Here is our group’s finished video for the 4 Week Project. We decided to go with our ‘chain reaction music film’ idea, first proposed by Ben and developed within the group.
In our feedback session, we were told the piece had a good cinematic look and feel, with some beautiful shots and nice colours. The most common criticism, though, was that the story wasn’t clear. Which, for a film, however beautiful and lovely it looks, is a problem.
Right from the start, we were a bit unclear how the story would unfold. Yes, we all knew and understood the basic concept and the ‘chain reaction / karma’ bit, but we didn’t have a very strong narrative idea. Every time we pitched or discussed it, different examples of ‘links’ between the characters were proposed. We practically had no pre-production stage, ideas were scattered and kept changing, and we only created a shot list (the only clear document of our project) just one day before filming. This, of course, meant the idea wasn’t well developed, and we were not clear what we were doing – resulting in lots of confusion in the narrative.
In terms of organisation, we didn’t really have a leader or any structure in the group, so communication was tough, things were happening slowly (or not at all), and no one of us really took the project seriously or responsibly. That meant that instead of getting excited about it and wanting to make it as good as possible, we didn’t quite want to work on it. Or at least that’s the impression I got (including from myself).
I probably shouldn’t be writing too much about the production stage, as I couldn’t attend – I had to be at work on the day we were meant to film, so by the time I came back, the rest of the group had finished filming.
Since I didn’t take part in the filming, it was agreed I would focus on editing it together. It was a pretty straightforward task in technical terms, as the guys had filmed in scene order – I had more problems booking a camera to digitise the footage and getting access to the editing suite in the basement (lots of lectures in the room). Oh, and I had forgotten how to change the FireWire settings in Final Cut Pro, so I got some additional worrying until I got help with that.
The song we had chosen to use was copyrighted – I was against using copyrighted music right from the start, and I was trying to convince the group it makes more sense to just look for a royalty free / CC alternative, but people were confused as it had first been said we had no restrictions to the project – and the common impression was that meant we could breach copyright.
I think it’s worth mentioning how the editing process developed, once all the main technical problems were sorted out. I was first left alone with the footage, so while digitising it I took notes of what happened at what times, what the best takes were and what problems I could see in each of them. I didn’t end up using the notes, but it was a very good exercise just looking with a fresh and critical eye into the footage we had. Also, since I didn’t attend the filming, I needed someone to answer some of my questions, about changes in the shot list, decisions made on the day etc.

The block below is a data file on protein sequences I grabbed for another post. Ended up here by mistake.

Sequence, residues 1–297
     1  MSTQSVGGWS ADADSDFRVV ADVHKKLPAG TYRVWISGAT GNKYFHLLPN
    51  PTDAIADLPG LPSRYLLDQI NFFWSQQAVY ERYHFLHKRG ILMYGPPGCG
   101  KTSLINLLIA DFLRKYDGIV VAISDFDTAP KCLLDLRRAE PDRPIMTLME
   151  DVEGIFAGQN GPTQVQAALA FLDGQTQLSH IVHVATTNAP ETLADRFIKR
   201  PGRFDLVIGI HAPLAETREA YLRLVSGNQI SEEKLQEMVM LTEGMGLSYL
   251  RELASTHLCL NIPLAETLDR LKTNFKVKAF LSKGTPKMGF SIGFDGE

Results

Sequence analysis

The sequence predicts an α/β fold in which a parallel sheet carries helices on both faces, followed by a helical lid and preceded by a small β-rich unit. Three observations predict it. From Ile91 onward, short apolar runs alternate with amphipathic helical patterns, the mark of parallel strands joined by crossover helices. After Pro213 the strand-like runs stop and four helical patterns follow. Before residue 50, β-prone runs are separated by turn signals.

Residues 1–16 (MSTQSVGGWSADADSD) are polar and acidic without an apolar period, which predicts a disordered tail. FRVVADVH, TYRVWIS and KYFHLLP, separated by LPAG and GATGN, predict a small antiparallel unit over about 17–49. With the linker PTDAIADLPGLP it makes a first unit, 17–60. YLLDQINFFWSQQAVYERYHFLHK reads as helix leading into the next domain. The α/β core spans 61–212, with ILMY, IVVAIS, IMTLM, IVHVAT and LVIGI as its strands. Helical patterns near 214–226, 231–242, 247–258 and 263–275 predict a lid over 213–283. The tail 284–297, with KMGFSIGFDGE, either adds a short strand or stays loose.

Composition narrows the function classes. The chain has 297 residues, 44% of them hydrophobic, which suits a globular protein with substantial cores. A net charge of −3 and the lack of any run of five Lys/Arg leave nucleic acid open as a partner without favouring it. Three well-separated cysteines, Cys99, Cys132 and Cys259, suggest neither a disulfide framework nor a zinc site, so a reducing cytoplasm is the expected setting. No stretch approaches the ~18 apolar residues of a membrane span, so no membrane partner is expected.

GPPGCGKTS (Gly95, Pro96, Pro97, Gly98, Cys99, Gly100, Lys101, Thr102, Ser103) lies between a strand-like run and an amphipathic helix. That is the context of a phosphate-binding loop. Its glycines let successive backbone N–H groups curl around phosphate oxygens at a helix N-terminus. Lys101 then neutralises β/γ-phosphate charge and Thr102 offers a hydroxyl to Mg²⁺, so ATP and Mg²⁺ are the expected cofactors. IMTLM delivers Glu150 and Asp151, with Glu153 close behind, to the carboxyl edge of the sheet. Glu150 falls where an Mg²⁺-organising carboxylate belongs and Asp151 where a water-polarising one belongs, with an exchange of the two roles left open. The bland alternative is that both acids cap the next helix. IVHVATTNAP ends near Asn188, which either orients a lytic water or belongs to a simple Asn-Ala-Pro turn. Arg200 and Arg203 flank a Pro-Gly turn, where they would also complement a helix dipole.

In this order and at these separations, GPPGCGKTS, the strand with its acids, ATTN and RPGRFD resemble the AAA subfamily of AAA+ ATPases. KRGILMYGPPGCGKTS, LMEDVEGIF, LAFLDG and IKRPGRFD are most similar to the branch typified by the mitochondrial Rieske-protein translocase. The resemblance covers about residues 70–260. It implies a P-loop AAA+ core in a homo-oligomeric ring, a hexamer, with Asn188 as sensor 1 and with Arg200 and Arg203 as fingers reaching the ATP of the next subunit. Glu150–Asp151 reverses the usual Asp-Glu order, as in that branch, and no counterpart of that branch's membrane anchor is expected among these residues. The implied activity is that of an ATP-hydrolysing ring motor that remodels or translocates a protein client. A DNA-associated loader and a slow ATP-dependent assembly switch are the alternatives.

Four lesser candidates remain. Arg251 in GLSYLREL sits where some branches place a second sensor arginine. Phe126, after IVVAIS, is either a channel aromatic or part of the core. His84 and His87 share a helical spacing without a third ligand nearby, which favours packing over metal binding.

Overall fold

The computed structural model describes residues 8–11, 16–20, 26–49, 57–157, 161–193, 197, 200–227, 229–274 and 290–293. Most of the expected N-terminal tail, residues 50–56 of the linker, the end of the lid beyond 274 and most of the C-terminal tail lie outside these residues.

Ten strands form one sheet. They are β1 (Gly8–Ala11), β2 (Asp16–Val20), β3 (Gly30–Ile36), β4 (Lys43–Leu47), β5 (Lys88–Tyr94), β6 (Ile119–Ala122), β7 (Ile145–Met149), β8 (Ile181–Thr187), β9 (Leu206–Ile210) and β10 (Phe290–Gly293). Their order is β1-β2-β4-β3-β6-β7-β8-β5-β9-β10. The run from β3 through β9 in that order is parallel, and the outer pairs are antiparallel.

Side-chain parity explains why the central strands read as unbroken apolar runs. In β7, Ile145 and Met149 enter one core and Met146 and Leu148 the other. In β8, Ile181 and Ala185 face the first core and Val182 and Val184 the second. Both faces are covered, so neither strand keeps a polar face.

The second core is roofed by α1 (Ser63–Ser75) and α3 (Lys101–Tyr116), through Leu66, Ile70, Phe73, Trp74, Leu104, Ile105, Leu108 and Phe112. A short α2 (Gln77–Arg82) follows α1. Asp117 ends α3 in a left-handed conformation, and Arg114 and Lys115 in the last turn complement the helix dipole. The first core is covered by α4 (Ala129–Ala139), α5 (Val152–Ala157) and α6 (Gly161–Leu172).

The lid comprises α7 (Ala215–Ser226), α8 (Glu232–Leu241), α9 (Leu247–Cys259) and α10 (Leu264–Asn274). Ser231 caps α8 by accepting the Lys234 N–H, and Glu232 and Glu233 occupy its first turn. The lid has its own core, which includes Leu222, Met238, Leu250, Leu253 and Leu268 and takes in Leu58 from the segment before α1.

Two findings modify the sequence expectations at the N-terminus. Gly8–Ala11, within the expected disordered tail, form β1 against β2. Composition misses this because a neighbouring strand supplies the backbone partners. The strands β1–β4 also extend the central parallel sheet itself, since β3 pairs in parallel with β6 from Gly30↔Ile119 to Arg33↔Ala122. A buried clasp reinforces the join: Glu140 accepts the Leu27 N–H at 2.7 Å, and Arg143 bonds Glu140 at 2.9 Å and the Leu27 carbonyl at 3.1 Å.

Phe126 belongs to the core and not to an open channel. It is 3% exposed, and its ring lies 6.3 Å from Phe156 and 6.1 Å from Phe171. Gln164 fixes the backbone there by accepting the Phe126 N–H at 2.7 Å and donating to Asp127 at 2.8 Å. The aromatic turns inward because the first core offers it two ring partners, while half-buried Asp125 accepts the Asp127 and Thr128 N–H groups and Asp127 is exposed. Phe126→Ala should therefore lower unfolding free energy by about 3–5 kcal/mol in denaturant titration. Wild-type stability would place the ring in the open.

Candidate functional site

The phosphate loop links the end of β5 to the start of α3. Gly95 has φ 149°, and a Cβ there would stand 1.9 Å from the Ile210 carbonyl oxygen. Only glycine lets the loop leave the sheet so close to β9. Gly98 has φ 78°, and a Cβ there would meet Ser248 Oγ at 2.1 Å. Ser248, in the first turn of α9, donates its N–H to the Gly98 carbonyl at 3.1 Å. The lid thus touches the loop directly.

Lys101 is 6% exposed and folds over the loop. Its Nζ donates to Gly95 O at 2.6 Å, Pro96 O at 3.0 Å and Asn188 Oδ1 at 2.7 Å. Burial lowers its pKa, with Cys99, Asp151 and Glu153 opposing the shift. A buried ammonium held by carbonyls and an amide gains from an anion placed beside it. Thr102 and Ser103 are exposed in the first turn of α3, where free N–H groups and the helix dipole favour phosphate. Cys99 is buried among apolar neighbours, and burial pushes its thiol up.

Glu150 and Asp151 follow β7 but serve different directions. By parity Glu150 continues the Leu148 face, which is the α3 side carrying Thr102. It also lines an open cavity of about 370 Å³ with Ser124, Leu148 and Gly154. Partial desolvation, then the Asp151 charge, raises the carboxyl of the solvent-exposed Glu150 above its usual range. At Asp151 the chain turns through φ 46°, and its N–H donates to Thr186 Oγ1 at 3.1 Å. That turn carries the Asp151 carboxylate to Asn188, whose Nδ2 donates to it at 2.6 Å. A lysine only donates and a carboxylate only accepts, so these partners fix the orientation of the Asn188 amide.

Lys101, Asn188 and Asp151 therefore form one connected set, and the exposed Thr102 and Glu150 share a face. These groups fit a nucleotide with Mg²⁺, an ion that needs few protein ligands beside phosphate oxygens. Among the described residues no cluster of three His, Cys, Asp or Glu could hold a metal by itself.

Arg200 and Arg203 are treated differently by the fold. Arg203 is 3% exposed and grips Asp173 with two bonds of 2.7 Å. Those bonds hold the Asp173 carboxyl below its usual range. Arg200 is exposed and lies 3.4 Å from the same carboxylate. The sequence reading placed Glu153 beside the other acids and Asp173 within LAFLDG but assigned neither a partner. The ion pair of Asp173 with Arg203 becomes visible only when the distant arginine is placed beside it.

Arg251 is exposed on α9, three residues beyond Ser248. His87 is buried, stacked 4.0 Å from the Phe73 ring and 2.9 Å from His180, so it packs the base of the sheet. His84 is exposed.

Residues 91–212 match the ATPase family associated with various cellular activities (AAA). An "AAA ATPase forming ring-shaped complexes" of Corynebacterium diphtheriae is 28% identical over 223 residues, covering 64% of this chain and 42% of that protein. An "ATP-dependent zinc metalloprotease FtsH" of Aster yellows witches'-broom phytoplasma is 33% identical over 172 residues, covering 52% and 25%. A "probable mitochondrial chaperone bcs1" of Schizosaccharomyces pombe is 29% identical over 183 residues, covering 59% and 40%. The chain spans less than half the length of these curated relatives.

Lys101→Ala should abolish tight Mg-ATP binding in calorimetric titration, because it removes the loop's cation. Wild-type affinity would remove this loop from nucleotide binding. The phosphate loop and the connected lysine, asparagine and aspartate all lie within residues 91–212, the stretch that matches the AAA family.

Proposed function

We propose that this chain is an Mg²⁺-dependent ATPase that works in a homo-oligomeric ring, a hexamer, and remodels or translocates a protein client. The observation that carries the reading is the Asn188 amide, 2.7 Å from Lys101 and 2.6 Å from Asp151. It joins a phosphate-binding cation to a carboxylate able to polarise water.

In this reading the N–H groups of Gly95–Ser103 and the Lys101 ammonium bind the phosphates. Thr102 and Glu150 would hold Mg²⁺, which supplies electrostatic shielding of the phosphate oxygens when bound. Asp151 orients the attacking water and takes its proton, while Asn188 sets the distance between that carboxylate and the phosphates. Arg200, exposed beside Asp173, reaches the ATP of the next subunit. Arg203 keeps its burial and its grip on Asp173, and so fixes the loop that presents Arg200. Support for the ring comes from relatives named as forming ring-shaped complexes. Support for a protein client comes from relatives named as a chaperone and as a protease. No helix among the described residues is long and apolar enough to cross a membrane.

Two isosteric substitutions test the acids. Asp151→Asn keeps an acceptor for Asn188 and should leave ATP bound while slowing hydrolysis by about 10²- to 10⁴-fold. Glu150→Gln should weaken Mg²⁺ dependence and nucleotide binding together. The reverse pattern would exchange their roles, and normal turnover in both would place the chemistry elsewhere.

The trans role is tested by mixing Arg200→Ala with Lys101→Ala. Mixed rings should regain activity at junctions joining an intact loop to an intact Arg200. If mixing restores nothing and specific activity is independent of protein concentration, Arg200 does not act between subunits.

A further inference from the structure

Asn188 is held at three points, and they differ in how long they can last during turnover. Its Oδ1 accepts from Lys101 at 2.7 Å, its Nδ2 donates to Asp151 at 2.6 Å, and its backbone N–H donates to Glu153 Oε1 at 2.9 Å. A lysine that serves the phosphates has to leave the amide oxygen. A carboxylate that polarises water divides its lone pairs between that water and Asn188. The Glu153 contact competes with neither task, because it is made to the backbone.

On the day of filming, Chris Hammond had taken the lead (he directed the shoot and operated the camera in lots of the takes), so I phoned him to get a basic idea what to expect from the footage – technical details such as if they filmed on tape or digital, how much footage they ended up with, whether they changed scenes, whether they filmed in order or not, problems they might have had, etc. It was a very useful conversation to have, also because the group (and Chris) had some ideas about the edit that I needed to consider. After my phone call with Chris, I met with Kartik to get the footage – he then told me a bit more about the day, and also later in the evening he posted photos from the ‘making of’ process – which gave me a better visual idea what to expect from the footage. On the day of digitising, Amrit came to help me and answered some of my new questions, and later in the editing process, Chris joined me to help with editing the final piece.
Two important lessons came as result of this process:
- I found out my way of thinking / planning a project was with the edit in mind – I’m too concerned about technical details and organisation – not so much the creative side. So I’m not the best person to have around at the development / production stage, and I’ve noticed I can even be counterproductive to it. Maybe if I take a step back, observe, and only step up if I really feel it’s crucial, it would make more sense – but at this point of my professional development, I might be better off to just shut up and listen.
- In terms of being an editor, and working closely with the director, it’s actually a good idea to not have the editor on set, so they have a fresh look at the footage – in the end of the day, that’s all the editor has to work with, and the focus should be ‘how to best tell the story with the footage we have’, rather than ‘we had this idea before, let’s do it and not think if the footage we have allows it or not’. But having the director working alongside with the editor is, I think, also quite important – because no matter how creative the editor is, it’s the director’s vision for the film that needs communicating.
On reflection, the project was a good way to remind us about all the details that need to be taken into consideration in media production – from the creative, idea development and preparation stages, through to the technical details in production, and to the final post-production and presentation stage. It was also a great lesson about the importance of leadership in creative projects, and how the smallest things can change the whole direction of such a production.